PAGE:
Act 2: An encounter with taste
The Charles SAVY’s tripou story starts off like a tender and nostalgic Marcel Carné film of the thirties.
1931 – Everything started: the young seventeen-year-old Hélène VIDAL started to work in the Hôtel des Voyageurs in Naucelle. This reputable establishment was run by Firmin and Marie FRAYSSE. Marie’s place was behind the stoves where she carved herself out a sound reputation as a fine cook.
Steeped in this atmosphere and fascinated by quality cooking, Hélène keenly took in all the gestures and details needed to understand the recipes and the choice of raw materials from the local area which, once cooked, gave rise to dishes of unparalleled flavours.
The tripou, an all-time favourite. This is a dish made out of the calf's stomach which is then stuffed, rolled and gently cooked for a whole night in a white wine sauce, packed with vegetables and herbs. It was the delight of hundreds of guests eagerly awaiting their tables on a Sunday morning and on market days. Those were the days when Naucelle was host to close to 1,500 calves coming from the surrounding farms to be sold.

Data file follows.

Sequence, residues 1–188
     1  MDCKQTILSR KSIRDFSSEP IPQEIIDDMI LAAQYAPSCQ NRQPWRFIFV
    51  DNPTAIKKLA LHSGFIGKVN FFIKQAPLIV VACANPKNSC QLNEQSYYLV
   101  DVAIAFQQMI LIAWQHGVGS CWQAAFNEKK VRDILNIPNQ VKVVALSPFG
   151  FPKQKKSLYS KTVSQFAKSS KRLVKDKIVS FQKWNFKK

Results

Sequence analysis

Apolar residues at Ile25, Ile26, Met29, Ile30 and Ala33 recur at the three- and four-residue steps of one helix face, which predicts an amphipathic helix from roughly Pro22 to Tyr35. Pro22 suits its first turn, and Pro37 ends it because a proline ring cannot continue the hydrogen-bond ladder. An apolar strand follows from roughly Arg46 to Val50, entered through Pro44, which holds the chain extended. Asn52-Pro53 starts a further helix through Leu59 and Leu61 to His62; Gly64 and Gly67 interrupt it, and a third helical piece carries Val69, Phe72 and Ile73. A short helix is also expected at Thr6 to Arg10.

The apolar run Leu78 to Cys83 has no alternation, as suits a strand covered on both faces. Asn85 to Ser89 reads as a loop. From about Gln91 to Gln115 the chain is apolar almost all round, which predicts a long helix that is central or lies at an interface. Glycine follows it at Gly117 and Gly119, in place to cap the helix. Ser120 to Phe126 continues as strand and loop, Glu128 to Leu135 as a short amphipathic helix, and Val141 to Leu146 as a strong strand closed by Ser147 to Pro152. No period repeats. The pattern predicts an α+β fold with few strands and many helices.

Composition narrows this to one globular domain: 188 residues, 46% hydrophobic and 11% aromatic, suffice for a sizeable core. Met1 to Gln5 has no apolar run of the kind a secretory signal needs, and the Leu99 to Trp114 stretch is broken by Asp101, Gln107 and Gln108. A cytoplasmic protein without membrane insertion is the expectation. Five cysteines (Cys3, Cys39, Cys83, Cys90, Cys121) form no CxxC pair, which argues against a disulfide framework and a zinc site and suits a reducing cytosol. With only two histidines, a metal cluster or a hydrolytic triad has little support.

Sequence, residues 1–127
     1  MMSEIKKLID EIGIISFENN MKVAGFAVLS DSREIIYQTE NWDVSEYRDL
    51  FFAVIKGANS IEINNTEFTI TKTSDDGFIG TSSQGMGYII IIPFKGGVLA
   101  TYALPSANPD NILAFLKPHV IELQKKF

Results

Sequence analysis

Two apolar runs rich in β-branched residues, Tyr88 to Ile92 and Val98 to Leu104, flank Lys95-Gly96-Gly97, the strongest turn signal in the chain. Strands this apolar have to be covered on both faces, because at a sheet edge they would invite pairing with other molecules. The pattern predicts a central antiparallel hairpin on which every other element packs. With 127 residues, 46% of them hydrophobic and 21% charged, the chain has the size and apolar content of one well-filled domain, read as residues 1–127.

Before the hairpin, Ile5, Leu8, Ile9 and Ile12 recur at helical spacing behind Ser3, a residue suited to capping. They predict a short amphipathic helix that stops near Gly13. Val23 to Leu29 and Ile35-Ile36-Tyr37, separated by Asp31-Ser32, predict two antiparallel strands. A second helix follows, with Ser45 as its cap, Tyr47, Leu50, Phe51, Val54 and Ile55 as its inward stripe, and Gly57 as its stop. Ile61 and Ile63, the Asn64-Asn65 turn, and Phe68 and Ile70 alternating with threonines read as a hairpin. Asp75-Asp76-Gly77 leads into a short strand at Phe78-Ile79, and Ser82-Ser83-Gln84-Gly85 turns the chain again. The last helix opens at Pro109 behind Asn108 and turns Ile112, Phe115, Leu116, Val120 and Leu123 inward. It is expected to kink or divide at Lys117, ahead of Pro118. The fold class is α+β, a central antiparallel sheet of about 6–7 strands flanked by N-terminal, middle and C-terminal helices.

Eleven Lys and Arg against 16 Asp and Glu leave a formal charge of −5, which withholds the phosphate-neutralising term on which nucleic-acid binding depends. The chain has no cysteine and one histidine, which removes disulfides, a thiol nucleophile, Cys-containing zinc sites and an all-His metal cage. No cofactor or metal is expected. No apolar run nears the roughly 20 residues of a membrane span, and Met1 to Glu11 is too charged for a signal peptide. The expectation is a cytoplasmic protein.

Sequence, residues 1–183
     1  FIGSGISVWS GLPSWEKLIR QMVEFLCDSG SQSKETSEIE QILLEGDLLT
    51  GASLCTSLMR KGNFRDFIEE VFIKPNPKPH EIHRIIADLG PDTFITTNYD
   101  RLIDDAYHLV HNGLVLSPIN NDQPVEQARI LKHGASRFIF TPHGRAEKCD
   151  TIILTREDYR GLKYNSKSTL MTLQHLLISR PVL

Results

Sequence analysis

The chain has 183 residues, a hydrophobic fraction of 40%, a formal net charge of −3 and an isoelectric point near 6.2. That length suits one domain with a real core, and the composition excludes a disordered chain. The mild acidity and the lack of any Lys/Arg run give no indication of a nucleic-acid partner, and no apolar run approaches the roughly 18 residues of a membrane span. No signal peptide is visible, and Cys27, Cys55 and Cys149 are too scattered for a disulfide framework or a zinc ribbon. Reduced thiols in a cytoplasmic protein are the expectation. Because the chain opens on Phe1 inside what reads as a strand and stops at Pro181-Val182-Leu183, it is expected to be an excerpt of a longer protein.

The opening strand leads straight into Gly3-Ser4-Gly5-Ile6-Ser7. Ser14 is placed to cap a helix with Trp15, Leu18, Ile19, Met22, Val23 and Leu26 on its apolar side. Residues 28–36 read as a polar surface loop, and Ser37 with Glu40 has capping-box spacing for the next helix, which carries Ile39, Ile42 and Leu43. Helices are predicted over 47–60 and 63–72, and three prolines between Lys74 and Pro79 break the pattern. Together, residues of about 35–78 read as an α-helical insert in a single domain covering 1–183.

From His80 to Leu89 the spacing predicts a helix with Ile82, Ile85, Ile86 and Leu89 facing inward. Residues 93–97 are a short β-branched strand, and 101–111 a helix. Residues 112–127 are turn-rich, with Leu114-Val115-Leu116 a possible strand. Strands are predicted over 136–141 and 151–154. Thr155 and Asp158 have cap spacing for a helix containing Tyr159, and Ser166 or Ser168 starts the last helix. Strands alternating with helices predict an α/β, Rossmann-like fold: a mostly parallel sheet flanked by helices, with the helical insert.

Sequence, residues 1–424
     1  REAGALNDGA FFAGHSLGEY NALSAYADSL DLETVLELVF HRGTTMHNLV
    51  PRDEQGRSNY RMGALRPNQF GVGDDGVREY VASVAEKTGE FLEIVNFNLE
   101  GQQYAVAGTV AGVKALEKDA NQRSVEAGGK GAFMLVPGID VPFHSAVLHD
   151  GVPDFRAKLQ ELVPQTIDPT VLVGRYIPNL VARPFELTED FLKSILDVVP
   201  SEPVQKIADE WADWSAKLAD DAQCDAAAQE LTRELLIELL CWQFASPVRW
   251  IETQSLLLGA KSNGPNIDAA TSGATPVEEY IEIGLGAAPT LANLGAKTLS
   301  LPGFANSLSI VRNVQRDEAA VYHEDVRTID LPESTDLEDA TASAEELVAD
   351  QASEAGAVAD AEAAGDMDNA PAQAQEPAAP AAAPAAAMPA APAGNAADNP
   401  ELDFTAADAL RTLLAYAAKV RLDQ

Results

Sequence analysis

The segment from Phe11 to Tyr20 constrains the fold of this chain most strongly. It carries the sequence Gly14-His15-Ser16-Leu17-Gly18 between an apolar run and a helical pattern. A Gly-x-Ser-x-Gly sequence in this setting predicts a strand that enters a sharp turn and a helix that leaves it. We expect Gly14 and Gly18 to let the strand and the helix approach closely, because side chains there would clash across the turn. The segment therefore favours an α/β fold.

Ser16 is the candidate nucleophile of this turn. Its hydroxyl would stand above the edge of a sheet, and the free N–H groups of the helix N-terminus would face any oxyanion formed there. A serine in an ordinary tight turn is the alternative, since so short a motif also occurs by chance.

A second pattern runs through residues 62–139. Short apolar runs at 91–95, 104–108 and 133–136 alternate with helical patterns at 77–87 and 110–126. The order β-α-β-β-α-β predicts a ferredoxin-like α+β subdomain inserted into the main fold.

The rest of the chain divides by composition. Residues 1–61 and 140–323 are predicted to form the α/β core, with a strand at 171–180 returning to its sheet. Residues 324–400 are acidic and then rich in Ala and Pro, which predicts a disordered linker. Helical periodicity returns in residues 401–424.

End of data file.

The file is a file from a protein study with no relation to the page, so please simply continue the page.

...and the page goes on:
However the tripous were still part of the family tradition and often the must-have of a Sunday morning in the big farms of Aveyron belonging to the "pagés" (and Occitan term for land owner).
It is an undeniable fact that tripous were definitely the order of the day in the local butchers, restaurant owners and auberge owners who housed the secret of how to cook them.